The Ganjifa or Ganjappa cards have a history dating back to the seventh century A.D. Produced majorly by two neighboring states Karnataka (Mysore) and Orissa, these circular or rectangular cards have been traditionally handcrafted and painted by artisans. Introduced to India by the Mughals, these cards, which vary between a diameter of 5 to 7 cm, were once seen as royal entertainment, and thus could not be easily afforded by the masses. Over time, these cards soon trickled down to the general public and each region in the subcontinent started making their unique Ganjifa.
“The paintings on Ganjifas or Ganjappas are all done in natural dyes. Ground, and mixed by hand, these dyes are traditionally painted on a base made of cloth, leather, mica, palm leaf, sandalwood, birch leaf, ivory, or paper. We have been using squirrel hair brushes to create the finely chiselled images and mostly use rust, cream, yellow, black, red, and green as our colors, giving the cards a distinctive feel of elegance.”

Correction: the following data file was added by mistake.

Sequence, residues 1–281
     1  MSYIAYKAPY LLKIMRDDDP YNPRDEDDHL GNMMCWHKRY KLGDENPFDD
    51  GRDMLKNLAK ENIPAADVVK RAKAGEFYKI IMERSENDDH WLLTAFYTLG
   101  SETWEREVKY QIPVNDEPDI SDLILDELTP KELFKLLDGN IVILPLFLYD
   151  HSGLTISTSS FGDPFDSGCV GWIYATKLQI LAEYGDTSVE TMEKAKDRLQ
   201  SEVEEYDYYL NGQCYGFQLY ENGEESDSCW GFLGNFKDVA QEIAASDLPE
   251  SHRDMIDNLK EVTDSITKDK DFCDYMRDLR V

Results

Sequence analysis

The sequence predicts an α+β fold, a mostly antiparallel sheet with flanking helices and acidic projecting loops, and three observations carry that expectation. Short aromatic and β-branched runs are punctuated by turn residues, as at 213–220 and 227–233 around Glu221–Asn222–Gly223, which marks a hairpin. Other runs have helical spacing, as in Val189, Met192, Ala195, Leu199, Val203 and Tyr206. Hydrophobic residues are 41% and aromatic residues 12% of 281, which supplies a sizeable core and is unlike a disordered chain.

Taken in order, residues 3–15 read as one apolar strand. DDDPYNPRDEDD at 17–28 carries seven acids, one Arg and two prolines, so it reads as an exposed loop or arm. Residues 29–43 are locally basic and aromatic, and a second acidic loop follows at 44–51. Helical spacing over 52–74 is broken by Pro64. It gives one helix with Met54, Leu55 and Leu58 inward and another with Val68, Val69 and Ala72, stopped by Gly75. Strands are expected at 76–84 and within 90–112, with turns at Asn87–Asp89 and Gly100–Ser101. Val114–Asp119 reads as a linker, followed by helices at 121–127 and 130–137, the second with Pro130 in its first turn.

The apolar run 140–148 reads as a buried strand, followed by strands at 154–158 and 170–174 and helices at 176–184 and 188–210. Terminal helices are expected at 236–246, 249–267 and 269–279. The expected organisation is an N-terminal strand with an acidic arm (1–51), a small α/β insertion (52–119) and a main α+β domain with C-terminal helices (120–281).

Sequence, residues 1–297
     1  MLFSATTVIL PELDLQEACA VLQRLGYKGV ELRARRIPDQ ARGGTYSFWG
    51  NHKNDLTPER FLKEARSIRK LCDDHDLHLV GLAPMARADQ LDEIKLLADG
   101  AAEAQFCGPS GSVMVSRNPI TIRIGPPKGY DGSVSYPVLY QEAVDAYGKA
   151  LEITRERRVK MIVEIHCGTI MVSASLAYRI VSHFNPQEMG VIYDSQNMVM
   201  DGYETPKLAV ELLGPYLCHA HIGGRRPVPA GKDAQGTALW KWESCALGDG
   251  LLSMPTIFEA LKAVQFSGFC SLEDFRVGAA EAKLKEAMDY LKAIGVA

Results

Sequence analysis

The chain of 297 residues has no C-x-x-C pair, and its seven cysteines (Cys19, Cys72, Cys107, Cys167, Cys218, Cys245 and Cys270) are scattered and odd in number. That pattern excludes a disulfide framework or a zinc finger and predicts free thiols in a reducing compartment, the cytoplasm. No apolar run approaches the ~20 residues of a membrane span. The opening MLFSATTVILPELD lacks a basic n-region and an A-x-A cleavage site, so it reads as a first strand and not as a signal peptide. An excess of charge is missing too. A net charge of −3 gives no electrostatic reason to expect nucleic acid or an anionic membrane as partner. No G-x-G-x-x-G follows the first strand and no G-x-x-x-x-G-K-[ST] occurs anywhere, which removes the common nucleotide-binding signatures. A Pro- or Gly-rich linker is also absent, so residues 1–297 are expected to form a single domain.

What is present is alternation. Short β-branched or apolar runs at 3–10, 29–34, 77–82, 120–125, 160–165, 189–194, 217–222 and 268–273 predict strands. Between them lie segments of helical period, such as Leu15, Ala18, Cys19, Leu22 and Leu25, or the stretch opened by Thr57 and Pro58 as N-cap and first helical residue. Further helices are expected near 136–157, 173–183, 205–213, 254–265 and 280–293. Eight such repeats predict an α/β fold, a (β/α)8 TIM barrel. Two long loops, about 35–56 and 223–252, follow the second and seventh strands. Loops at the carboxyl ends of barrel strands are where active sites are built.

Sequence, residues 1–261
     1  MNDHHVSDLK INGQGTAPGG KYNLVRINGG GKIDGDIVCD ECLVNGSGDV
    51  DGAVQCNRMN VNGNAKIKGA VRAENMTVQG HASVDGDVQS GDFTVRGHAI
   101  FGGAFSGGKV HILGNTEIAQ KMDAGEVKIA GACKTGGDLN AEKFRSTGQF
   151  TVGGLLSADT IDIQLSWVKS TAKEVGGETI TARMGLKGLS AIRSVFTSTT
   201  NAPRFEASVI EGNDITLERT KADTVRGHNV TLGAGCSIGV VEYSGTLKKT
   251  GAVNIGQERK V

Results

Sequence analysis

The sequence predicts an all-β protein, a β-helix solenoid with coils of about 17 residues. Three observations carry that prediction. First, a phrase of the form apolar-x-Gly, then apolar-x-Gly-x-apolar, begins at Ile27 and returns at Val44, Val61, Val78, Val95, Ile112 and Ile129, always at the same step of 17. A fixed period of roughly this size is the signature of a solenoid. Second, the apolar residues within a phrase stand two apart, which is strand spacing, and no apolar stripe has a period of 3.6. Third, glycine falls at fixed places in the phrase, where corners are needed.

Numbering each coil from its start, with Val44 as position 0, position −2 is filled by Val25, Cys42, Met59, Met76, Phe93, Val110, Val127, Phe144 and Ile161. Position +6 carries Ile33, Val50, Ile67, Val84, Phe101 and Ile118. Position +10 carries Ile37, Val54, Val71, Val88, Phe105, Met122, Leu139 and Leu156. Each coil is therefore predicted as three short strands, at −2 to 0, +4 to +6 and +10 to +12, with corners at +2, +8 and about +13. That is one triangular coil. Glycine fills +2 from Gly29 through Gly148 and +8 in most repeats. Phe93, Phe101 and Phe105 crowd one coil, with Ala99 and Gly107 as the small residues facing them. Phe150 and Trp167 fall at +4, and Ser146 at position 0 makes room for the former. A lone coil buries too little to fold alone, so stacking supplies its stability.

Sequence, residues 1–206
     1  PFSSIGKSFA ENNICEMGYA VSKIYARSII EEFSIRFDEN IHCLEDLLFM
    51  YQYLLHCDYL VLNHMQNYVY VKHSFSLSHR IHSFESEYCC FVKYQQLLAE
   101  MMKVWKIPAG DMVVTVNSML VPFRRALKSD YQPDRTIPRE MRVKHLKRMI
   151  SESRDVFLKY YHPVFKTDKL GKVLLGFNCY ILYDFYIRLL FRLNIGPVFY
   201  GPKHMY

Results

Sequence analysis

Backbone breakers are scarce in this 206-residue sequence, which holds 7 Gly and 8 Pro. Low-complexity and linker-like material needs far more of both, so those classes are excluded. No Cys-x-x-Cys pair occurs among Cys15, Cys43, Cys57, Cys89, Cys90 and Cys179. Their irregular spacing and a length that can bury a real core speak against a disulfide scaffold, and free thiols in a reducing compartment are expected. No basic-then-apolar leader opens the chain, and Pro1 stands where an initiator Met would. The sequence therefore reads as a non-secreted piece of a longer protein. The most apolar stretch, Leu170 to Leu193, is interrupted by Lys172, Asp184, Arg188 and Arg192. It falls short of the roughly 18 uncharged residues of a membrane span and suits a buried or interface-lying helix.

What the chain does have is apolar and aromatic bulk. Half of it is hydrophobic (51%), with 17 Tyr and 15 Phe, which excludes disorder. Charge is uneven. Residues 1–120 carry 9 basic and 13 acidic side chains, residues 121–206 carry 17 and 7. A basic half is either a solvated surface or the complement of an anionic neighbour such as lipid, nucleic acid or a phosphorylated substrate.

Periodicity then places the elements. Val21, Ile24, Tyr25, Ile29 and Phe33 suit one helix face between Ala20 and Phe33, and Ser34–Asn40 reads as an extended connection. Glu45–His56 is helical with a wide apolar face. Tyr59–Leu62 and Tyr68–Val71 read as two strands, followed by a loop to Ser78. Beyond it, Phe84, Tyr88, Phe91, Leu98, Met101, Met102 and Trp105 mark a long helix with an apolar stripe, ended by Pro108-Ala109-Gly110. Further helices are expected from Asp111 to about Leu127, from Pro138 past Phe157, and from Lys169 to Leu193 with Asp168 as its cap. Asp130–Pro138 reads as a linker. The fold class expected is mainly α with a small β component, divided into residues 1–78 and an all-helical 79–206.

Today, very few traditional makers of this craft are left. Ganjifa is sadly on its way to becoming an antique, or a collector’s item.